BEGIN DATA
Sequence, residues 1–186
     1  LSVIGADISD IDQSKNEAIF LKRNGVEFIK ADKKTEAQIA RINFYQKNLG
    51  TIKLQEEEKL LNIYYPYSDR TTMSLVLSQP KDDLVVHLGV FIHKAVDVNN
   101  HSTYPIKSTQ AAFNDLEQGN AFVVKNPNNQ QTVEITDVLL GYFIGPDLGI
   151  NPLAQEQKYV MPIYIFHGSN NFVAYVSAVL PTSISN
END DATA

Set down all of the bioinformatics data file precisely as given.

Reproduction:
Sequence, residues 1–186
     1  LSVIGADISD IDQSKNEAIF LKRNGVEFIK ADKKTEAQIA RINFYQKNLG
    51  TIKLQEEEKL LNIYYPYSDR TTMSLVLSQP KDDLVVHLGV FIHKAVDVNN
   101  HSTYPIKSTQ AAFNDLEQGN AFVVKNPNNQ QTVEITDVLL GYFIGPDLGI
   151  NPLAQEQKYV MPIYIFHGSN NFVAYVSAVL PTSISN